Opinion » John Rember

Men II Boyz

Picturing male adulthood


John Rember

Unkind observations about my gender are made this time every year, when the heterosexual-male-dominated Legislature meets in Boise to improve the lives, behavior and finances of lesser Idahoans. Here's my own unkind observation: I spent seven years teaching middle school, and none of the dramas I see in state government differ much from the body-building poses, locker-room towel snaps and latent-and-not-so-latent misogyny of 12-year-olds.

Thought experiment: Imagine a group of seventh-grade boys sitting in their tree house and pretending that they're saving the country from a Commie invasion, or that the tree house is really a starship protecting Earth from aliens, or that they're going to take over all the public lands in Idaho.

Now, something not so easy: Imagine them voting to Add the Words to their tree house charter. Imagine them planning a campaign to raise the minimum wage for restaurant workers. Imagine them voting tax dollars to help out old or sick or homeless people.

When you're an insecure adolescent male, you're not about to share your allowance.

And when you're deep into the enormous job of defining your own sexuality, it's easier to turn your tree house into a starship than to allow a gay person up the ladder. Of course--if it's any comfort for gay people--girls aren't allowed in, either.

Architects of the recent remodel of the state Capitol building missed a bet when they didn't put the whole structure on 40-foot pilings. Admittance would depend on a rope ladder reaching up to a trapdoor, with a state trooper at the top, waiting for the secret password. It would prevent unruly and misguided demonstrators from disrupting the people's business.

That's one part of a bigger picture. Here's another, an innocent question about a not-so-innocent trend: How can so many men decades past their 21st birthday never grown up? It's not a problem confined to our Legislature, as any 30-year-old woman will tell you.

I've noticed lots of well-educated, articulate, attractive women--late 20s to early 30s--who are single, recently divorced or who are resigned to living with guys who are manifestly Not The One. These are women who cannot find an equal partner. They find lots of aged boys, but it's way easier, safer and less hassle to share an apartment with girlfriends who will have their back than it is to visit the Y-chromosome pool and find, in its depths, a mature, benign, non-self-obsessed man.

It occurs to me that a good reason for legalizing gay marriage is so that 30-something women can marry grown-ups.

A third part of the picture: There aren't all that many fathers out there. By fathers, I mean responsible adults who work more or less constantly for their families, who nurture and support their children, who stay in their marriages in good times and bad and who, by their actions, show how to do the right thing even when it's the furthest thing in the world from what they really want to do. That's what positive male adulthood looks like to a boy. If you're going to expect a boy to become a man, it's essential to model manhood for him.

As a middle-school teacher, I saw again and again the damage that divorce does to children. There is no getting around it: if you really want to screw up your kids, fracture your marriage or refuse to get married in the first place. The damage is life-long, massive and repeats itself through the generations.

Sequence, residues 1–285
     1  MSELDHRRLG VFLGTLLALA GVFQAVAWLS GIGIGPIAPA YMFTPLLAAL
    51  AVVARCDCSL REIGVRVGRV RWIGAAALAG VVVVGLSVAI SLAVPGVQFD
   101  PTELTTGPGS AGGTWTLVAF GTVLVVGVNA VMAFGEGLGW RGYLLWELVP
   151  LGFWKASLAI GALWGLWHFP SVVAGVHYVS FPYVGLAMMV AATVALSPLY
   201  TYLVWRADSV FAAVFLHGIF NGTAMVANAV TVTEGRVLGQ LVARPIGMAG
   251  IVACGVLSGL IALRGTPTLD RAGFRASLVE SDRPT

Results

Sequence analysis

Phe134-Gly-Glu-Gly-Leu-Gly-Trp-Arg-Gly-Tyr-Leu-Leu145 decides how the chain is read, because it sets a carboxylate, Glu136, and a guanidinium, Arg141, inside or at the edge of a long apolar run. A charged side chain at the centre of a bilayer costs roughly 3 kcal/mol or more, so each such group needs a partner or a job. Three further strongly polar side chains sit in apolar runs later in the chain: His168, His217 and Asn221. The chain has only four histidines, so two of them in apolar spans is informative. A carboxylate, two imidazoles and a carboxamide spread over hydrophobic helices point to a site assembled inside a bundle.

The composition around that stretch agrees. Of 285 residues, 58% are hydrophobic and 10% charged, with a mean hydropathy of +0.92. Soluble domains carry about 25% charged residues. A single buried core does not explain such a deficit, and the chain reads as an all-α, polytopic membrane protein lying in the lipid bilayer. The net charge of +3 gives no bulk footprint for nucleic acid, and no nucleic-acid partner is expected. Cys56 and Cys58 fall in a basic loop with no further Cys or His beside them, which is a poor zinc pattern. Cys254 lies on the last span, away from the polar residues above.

Custody practices usually award children to their mothers. It's up to them to provide adult models for their children, and they do an astonishingly good job, by and large. But their sons see adulthood as the property of Mom. The person who has escaped the drudgery and obligations of adulthood, child-support checks notwithstanding, is Dad. That's probably why girls find it easier to become adult than boys.

Finally, a frame for the picture:

It's a challenge for anyone, regardless of gender, to become adult. It involves pain and change and facing mortality. It means letting grief into your life, letting go of false pride and superficial dreams, rejecting cherished beliefs, accepting limits, owning up to mistakes, paying off debts and admitting responsibility for the things you say and do. It means becoming part of a community. It means being able to see things from other people's points of view.

Few young men in our culture are up to such challenges. I can't blame them. To come of age in an era of high unemployment and low wages is infantilizing. So is graduating from college with a crippling burden of debt. So is having your wetware programmed according to future employers' needs, especially if those employers have moved on to other concerns by the time you enter the labor force.

But not all problems with adulthood are economic. We live in a world where rites of passage have become anemic. So-called primitive cultures, recognizing how destructive young male energy can be, made a big deal out of letting their young men into the privileges of adulthood, civilizing them with ceremonies and ordeals and vision quests. These rituals defined adult behavior for people who didn't come to it naturally.

Our own culture has defined adult males by default. Male adult privilege has become the unharnessed laxity of adolescence, male adult values have become an adolescent fascination with wealth and power, male adult existence has devolved to a nihilistic fantasy of being impossibly alone and apart from community. It's not hard to see that what passes for public policy in Idaho derives from an adolescent group-think rather than considered, conscience-directed wisdom.

Not that a lot of 30-year-old women are looking to marry state legislators anyway. I hope all concerned can consider that a good thing.